Hasidism are Judaism’s ‘pious ones’

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By Judi Siegal

They are characterized by their distinct mode of dress and ultra-conservative approach to Judaism. They are often the brunt of prejudice and scorn but their influence extends even to pop culture. They are the Hasidim and their story is a fascinating one.

Hasidism (from the Hebrew word meaning “pious ones”) was born in the late 1700s. It was founded in Poland by Israel ben Eliezar, more commonly known as the Baal Shem Tov or Master of the Good Name.

Israel was disturbed by the prevailing rabbinical thought of his day with its strict rabbinical authority and influence of the wealthy and what he perceived as austere worship. He founded his new movement within Orthodox Judaism, with medieval talmudic and mystical ideas and much emphasis on joyous worship of God. Ben Israel’s ideas were ridiculed by the rabbis of the day because he was acting against the religious establishment.

The movement became popular with the poor and less educated people, and they were attracted to their charismatic leaders called rebbes who, according to local lore, performed miracles and could intercede with God on their behalf. In the close-knit society of the shetls or little villages of Eastern Europe, Hasidism continued to flourish up to the time of the Holocaust.

The Hasidim believe in a close relationship with God. They follow Jewish ritual very carefully, keeping kosher and observing the Sabbath, among others.

They believe that God is everywhere, even in the evil in the world,  so that the hasid must strive for goodness and the performance of good deeds to bring about peace and righteousness in the world. They pray, study, and act out of compassion for all of creation.

Their worship services include much singing and dancing and swaying of their bodies in rhythm to the liturgy. The women sit separate from the men in services and in public events.

Their daily life revolves around the myriad prayers and Jewish rituals which comprise the life of an Orthodox Jew. Even mundane actions take on special holiness when accompanied by the proper blessings.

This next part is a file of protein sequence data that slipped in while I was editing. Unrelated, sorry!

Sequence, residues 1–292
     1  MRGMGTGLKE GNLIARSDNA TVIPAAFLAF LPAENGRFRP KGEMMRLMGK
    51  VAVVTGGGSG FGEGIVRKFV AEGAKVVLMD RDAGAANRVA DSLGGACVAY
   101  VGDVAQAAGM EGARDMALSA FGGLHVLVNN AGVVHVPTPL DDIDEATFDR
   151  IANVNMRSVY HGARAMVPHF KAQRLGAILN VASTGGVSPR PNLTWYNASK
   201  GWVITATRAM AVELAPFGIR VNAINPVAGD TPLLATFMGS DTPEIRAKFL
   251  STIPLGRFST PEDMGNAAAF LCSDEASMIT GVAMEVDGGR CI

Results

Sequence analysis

Many of their rituals and customs date back 300 years ago to Eastern Europe and sometimes clash with modern living. For this reason, most Hasidim today live segregated in enclaves called “courts” and are served by their leader.

Large concentrations of Hasidim can be found in America, Canada, Australia, Western Europe and Israel, with New York laying claim to 160,000 mainly in Williamsburg, Boro Park and Crown Heights. There are about 250,000 Hasidim in the world today. Some groups, like the Lubavitch, send emissaries all over the world, such as the rabbi and his wife who were recently killed in Mumbai, India.

Within the Hasidic world are “sects” or groups led by a rabbi. The names of these sects are taken from the villages or towns where they originated.

For instance; the Satmar from Satu Mar in Hungary, the Belz, from Poland, and the Lubavitch from Russia, The Lubavitch have a local court in Gainesville where they minister to the “Jewish Gator Nation” at the University of Florida. Each of these groups have distinct dress and local customs.

Often mistaken for the Amish, the Hasidim wear long black coats and with ritual fringes dangling out of their shirt corners. Their heads are covered at all times as a sign of respect to God. Their beards are not shaved and their side locks, called payes, are not cut in accordance to ancient Biblical command.

The women also dress modestly in long skirts or dresses, legs covered by long stockings. Married women cover their hair with wigs or kerchiefs. Sleeves of their outfits must come to the elbow or beyond.

Women are often married by age 18 and having large families of eight or more children is considered a mitzvah, commandment. Both sexes know their place in society and what is expected of them.

From its earliest beginnings, the Hasidic movement had to battle the establishment that rejected the Hassidic ideas of spiritual renewal. Later their opponents joined hands when the haskalah or enlightenment movement with its modern thoughts began to take hold in Europe in the mid 1800s.

When the Nazis stormed through Europe, the hasidim were often the brunt of cruel anti-Semitic racial profiling. They were ridiculed in the streets by the Nazi officers and their minions and many perished in concentration camps. Those who survived made their way to America and other countries where they were able to preserve their heritage and language, Yiddish.

While the Hasidic lifestyle, with its strict adherence to Jewish law, may not appeal to mainstream Jews the Hasidic influence can be felt in modern Jewish life as well as American pop culture. Nigunim, songs without words, usually sung to nonsense syllables like bim bom, are popular even with Reform Jews.

Matisyahu, a Hasidic reggae-rock star, complete with Hasidic garb, appeared on Jay Leno not long ago. Works by authors Martin Buber, Eli Weisel and Isaac Bashevis Singer all reflect stories and ideologies from the Hasidic culture. In their own small way, the Hasidim have managed to preserve a part of Jewish life practically annihilated by the Nazis.

Not bad for a people who shun TV.

Judi Siegal is a retired teacher and Jewish educator. She lives in Sun Valley with her husband, Phil.